New York's Public Service Commission has revoked its approval of the agreement that allowed Spectrum to take over Time Warner Cable operations in the state.

Regulators on Friday ordered Spectrum's owner - Charter Communications - to come up with a plan to transition its New York operations to other providers.

The commission announced that Charter "made clear it has no intention" of meeting the conditions contained into its 2016 merger agreement.

The agency is preparing to go to state Supreme Court to seek more penalties against Charter for the company's "past failures and ongoing non-compliance."

In a statement, the commission accused the firm of misconduct, including repeated failures to meet deadlines and attempts to "skirt obligations to serve rural communities."

The regulators suggested Charter was interested in "just lining its pockets" rather than serving the public interest.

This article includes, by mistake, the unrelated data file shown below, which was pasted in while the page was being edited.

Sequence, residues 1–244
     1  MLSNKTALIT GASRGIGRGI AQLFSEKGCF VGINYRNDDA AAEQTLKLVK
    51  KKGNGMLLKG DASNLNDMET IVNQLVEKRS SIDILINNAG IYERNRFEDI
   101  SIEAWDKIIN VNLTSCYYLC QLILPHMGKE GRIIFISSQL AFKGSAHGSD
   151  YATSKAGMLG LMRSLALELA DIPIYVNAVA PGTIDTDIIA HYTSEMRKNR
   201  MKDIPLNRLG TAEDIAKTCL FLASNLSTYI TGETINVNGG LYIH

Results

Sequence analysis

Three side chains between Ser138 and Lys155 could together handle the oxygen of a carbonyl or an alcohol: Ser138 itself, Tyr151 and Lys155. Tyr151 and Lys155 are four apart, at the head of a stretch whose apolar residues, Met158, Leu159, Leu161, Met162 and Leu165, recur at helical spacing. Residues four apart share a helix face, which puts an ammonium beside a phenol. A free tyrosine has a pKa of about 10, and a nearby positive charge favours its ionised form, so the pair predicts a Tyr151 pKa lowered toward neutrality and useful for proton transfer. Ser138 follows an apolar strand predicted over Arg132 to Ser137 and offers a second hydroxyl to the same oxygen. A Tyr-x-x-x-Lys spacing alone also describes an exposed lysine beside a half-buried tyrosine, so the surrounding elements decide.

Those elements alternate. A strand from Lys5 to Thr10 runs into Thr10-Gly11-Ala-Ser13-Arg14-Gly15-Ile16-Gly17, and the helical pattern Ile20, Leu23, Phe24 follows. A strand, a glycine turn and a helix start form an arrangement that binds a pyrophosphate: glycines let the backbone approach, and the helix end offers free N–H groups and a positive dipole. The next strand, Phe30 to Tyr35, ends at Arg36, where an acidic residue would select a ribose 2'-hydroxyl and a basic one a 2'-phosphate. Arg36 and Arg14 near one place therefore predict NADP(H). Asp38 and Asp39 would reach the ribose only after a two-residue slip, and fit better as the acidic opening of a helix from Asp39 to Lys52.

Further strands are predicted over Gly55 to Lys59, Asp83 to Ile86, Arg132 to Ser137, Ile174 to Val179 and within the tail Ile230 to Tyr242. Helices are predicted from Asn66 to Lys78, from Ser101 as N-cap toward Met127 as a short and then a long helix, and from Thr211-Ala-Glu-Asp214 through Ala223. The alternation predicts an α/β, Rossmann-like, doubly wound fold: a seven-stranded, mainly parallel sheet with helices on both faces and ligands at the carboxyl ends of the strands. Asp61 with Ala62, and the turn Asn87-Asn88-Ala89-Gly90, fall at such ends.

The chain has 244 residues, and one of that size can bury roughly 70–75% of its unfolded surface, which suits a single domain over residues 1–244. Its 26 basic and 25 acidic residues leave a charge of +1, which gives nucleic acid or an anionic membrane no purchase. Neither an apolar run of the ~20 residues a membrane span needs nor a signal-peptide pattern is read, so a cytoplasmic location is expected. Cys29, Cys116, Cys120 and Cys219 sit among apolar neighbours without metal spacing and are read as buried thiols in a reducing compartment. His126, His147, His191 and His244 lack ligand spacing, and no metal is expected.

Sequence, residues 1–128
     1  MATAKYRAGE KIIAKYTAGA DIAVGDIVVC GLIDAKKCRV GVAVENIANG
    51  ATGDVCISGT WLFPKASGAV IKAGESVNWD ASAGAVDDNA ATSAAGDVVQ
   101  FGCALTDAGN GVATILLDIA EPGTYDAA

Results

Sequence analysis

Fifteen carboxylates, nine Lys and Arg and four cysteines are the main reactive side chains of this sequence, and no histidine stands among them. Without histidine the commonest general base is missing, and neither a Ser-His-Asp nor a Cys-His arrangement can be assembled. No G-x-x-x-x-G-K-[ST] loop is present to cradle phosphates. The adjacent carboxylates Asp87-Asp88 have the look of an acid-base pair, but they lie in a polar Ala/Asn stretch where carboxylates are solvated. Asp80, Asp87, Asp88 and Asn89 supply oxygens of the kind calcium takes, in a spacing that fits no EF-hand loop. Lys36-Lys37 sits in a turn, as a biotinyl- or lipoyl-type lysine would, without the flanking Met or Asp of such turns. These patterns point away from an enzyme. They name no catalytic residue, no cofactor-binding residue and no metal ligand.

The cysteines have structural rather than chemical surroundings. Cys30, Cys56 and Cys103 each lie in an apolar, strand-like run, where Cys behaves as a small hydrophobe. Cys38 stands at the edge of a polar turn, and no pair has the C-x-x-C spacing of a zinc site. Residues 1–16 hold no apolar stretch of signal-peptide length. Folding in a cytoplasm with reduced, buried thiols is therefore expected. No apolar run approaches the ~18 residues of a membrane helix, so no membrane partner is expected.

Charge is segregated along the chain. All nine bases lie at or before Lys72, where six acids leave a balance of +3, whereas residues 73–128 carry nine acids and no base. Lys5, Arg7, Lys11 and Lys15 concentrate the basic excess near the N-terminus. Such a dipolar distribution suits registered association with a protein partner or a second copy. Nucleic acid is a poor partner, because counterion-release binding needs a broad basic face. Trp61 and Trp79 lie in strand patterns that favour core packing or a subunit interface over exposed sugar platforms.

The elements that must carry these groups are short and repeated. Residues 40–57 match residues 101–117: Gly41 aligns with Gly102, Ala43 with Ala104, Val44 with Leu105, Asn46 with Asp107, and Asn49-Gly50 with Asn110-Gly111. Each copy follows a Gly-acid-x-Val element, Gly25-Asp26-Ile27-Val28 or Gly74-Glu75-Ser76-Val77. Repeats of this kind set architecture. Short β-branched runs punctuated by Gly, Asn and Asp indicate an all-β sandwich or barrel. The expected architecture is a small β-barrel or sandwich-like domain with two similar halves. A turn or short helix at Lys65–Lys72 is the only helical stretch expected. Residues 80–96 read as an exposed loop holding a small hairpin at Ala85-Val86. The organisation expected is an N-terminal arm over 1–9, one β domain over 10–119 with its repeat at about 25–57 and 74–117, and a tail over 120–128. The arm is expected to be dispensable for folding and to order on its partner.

The commission previously has said the company has not met its obligations to improve broadband service in the state.

Charter released a statement indicating the regulatory move is related to the upcoming election: "In the weeks leading up to an election, rhetoric often becomes politically charged."

The company said it has extended the reach of its broadband network to more than 86,000 New York homes and businesses since the merger agreement with the PSC.

Governor Andrew Cuomo has publicly criticized Spectrum's owner, accusing the company of making false claims about its network.

Contact WNBF News reporter Bob Joseph: bob@wnbf.com

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